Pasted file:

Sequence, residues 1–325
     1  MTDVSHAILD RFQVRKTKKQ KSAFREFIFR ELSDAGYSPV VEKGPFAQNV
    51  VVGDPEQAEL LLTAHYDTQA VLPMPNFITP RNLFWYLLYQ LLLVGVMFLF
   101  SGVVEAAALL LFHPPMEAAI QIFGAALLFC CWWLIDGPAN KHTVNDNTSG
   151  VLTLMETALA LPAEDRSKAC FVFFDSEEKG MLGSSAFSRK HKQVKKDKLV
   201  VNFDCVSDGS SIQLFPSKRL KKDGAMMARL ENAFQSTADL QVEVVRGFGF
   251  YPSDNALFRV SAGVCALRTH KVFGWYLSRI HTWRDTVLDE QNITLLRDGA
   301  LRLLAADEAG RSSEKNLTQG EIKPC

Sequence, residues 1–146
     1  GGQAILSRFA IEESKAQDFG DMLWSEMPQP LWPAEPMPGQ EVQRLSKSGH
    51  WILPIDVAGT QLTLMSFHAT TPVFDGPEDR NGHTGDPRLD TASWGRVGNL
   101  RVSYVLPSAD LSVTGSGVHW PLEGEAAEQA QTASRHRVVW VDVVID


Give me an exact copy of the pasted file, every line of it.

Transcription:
Sequence, residues 1–325
     1  MTDVSHAILD RFQVRKTKKQ KSAFREFIFR ELSDAGYSPV VEKGPFAQNV
    51  VVGDPEQAEL LLTAHYDTQA VLPMPNFITP RNLFWYLLYQ LLLVGVMFLF
   101  SGVVEAAALL LFHPPMEAAI QIFGAALLFC CWWLIDGPAN KHTVNDNTSG
   151  VLTLMETALA LPAEDRSKAC FVFFDSEEKG MLGSSAFSRK HKQVKKDKLV
   201  VNFDCVSDGS SIQLFPSKRL KKDGAMMARL ENAFQSTADL QVEVVRGFGF
   251  YPSDNALFRV SAGVCALRTH KVFGWYLSRI HTWRDTVLDE QNITLLRDGA
   301  LRLLAADEAG RSSEKNLTQG EIKPC

Sequence, residues 1–146
     1  GGQAILSRFA IEESKAQDFG DMLWSEMPQP LWPAEPMPGQ EVQRLSKSGH
    51  WILPIDVAGT QLTLMSFHAT TPVFDGPEDR NGHTGDPRLD TASWGRVGNL
   101  RVSYVLPSAD LSVTGSGVHW PLEGEAAEQA QTASRHRVVW VDVVID